“It’s not only science. There is a lot of art involved.”
Geistlich Fibro-Gide® is the latest product from Geistlich for regenerative dentistry. Why does Geistlich want to provide a new therapeutic solution?
Dr. T. Hart: We wanted to offer a product that regenerates soft tissue while also maintaining volume and providing excellent mechanical properties. Several of our key partners from universities and dental clinics highly appreciated the idea of a volume-stable collagen matrix that could be used for indications such as soft tissue augmentation around implants or under pontics. Currently many of those treatments are performed with autologous tissue, which always involves graft harvesting and, therefore, donor-site morbidity.
What was the most difficult part developing Geistlich Fibro-Gide®?
Dr. T. Hart: The most difficult part was combining the mechanical stability and handling of the matrix with cell biocompatibility and tissue regeneration. There is a fundamental trade-off between better mechanical properties and cellular recognition of the matrix. For example, by enhancing the mechanical stability with chemical cross-linking, the regenerative properties of the matrix are diminished. Cells read the hidden 3D amino acid code that is written inside the collagen. Too much cross-linking destroys the code and makes the material biologically invisible to cells. Under cross-linking, on the other hand, does not allow for mechanical stability of the matrix, and it will be resorbed too quickly by the body through enzymatic hydrolysis. As you can imagine, much R&D time was spent trying to optimize all these conflicting factors.
Keyword: Cross-linking. The use of cross-linking was intentionally avoided in Geistlich Bio-Gide® and Geistlich Mucograft® in favor of improved tissue compatibility. How has this changed with Geistlich Fibro-Gide®?
Dr. M. Spilker: All collagen is naturally cross-linked; otherwise, we would be soup! Synthetic cross-linking has advanced considerably in the past 20 years. For example, in the past cross-linking a collagen product with outdated aldehyde technology resulted in poor tissue compatibility. But Geistlich has now been able to develop a minimal cross-linking approach that balances mechanical volume stability with cell compatibility and tissue integration. Geistlich uses a natural and “soft” form of cross-linking in the sense that the crosslinked collagen can be integrated and then turned over by the body’s enzymes.
How many prototypes are tested in a development like this, before the ideal product is found?
Dr. T. Hart: For Geistlich Fibro-Gide®, Geistlich tested more than 1000 collagen matrix prototypes obtained under different preparation conditions and having different features. This is not so different from the Pharma industry where 1000 molecules are typically made in the lab to produce one clinical candidate.
Geistlich has more than 160 years of expertise in collagen. How does this help today?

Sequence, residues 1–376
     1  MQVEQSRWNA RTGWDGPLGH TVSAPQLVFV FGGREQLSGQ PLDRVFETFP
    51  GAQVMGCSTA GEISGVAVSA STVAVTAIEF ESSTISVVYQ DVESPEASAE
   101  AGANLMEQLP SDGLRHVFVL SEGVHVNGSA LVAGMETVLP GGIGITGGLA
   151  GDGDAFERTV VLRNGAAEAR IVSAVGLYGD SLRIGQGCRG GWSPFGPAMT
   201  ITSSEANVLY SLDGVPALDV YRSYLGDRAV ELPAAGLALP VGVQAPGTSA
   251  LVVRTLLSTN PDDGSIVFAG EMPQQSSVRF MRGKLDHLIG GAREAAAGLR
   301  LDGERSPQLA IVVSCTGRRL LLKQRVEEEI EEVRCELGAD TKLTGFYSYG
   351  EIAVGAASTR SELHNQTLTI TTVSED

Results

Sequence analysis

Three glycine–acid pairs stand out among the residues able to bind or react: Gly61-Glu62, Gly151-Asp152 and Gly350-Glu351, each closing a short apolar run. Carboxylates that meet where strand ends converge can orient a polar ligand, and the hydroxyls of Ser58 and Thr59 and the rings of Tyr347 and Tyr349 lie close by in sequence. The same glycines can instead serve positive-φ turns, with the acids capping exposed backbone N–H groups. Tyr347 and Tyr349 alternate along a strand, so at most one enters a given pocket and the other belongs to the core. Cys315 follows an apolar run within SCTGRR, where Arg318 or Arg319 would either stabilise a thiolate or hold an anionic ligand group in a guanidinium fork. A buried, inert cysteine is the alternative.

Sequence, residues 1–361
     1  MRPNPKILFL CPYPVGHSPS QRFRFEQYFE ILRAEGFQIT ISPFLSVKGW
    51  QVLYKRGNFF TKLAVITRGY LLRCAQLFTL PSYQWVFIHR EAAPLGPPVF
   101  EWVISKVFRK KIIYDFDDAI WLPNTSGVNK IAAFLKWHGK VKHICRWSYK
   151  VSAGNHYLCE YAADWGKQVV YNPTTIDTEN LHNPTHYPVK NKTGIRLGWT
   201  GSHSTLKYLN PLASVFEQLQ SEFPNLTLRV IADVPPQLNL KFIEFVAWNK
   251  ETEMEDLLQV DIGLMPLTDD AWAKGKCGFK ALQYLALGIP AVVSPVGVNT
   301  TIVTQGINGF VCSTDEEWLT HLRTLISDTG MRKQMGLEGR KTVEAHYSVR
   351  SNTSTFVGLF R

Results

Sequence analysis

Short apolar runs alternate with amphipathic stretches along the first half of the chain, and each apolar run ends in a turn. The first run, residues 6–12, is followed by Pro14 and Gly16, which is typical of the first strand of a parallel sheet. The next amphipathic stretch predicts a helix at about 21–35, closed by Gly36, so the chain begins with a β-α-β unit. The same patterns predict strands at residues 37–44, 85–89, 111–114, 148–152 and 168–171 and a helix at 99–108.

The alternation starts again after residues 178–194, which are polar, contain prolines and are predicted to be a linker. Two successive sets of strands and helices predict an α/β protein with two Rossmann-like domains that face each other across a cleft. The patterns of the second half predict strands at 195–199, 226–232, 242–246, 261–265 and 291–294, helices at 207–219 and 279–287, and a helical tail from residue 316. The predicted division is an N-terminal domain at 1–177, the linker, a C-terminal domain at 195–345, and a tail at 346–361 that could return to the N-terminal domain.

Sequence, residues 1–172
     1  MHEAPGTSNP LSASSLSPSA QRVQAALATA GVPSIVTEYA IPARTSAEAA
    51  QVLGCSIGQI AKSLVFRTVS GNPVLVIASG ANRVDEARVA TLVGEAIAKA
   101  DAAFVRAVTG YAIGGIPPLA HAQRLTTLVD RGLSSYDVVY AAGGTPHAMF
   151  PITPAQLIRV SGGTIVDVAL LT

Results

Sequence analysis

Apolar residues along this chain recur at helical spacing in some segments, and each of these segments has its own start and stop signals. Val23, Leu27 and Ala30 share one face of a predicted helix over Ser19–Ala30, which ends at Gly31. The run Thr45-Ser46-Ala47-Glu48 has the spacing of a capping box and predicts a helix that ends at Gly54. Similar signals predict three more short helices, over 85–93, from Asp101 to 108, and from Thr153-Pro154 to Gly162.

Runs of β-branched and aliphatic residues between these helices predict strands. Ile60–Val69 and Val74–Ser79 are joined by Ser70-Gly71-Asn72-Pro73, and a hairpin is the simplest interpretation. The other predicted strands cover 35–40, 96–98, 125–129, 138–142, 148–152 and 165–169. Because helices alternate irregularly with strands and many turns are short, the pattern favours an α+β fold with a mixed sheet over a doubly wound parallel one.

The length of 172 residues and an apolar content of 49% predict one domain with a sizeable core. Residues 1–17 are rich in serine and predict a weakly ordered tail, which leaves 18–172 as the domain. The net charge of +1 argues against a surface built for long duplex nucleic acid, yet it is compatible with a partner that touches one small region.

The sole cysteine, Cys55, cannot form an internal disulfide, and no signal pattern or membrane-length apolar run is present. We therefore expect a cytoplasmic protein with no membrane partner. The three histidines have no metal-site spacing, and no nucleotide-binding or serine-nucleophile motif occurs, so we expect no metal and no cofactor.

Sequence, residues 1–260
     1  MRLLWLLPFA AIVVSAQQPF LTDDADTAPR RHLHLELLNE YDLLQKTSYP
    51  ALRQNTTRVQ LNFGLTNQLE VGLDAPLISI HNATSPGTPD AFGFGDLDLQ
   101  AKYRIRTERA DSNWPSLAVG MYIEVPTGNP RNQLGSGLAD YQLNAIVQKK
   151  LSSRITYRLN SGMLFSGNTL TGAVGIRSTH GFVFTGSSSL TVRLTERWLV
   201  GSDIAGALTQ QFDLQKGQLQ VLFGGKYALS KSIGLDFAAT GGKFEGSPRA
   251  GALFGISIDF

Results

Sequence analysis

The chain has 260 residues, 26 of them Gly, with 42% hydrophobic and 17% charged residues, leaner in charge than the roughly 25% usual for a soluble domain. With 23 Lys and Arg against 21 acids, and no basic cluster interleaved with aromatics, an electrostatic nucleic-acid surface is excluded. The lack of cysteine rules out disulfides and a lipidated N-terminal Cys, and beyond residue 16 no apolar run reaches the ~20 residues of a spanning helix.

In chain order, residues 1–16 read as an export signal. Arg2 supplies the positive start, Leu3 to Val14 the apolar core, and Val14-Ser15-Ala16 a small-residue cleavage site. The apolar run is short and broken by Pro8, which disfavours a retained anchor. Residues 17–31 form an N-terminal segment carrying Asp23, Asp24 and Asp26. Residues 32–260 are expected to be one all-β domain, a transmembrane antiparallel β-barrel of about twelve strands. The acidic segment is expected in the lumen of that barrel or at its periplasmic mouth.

Dr. M. Spilker: Collagen is a very complicated and vitally important macro molecule. Much about collagen is scientifically understood, but there is a great deal of collagen technology that rests in art, experience and expertise. Because of our heritage, we have built up considerable collagen art and expertise at Geistlich. To quote Isaac Newton, “if we now see further, it is because we stand on the shoulders of giants”. It is this sum of experience of sourcing, purifying and handling of natural collagens, beginning at Geistlich with glue and gelatin, that has directly led to Geistlich Bio-Gide®, Geistlich Mucograft® and now Geistlich Fibro-Gide®.
To what extent could experience gained from the development of Geistlich Mucograft® be used in the development of Geistlich Fibro-Gide®?
Dr. T. Hart: Geistlich Mucograft® was the first and very important step into the field of soft tissue regeneration, for example, to gain keratinized tissue. We learned a lot about the trade-off between volume stability, cell behavior and tissue compatibility, as well as the necessity of delivering not only a biomaterial but also effective protocols that work in clinical practice.
What was it in the development and testing of the product and prototype that ultimately drove the decision to focus all efforts on this product and get it to market?
Dr. M. Spilker: When we received the histology showing the tissue integration and volume retention in the pre-clinical studies we knew we had something special. I am convinced that this is indeed a step forward in technology, and it has huge potential.
Is the research side of Geistlich Fibro-Gide® finished with the market launch?
Dr. M. Spilker: Definitely not. We have entered the phase where clinical research is the highest priority. Geistlich is now embarking on the clinical evaluations of Geistlich Fibro-Gide® in larger patient populations and with various clinical applications. Our key is to generate the clinical data that will directly benefit clinicians and their patients, for example, best practice cases, clinical guidelines and dos and don’ts. Although all of our products have been developed in close collaboration with key partners from universities and dental clinics, our large network of clinical partners contributes greatly during these pre-launch clinical phases.
The regulatory hurdles for new product approvals have grown in recent years. How does Geistlich Pharma deal with them?
Dr. T. Hart: For us, this is good. It has always been one of our core strengths. Geistlich has always developed our products in a very careful way, because we must convince ourselves that our products are safe and perform effectively for both patient and clinician. So the increasing regulatory hurdles for new product approvals have validated Geistlich’s evidence-based approach to the development of medical devices for the benefit of patient and clinician.
Photo Header: Roger Schuler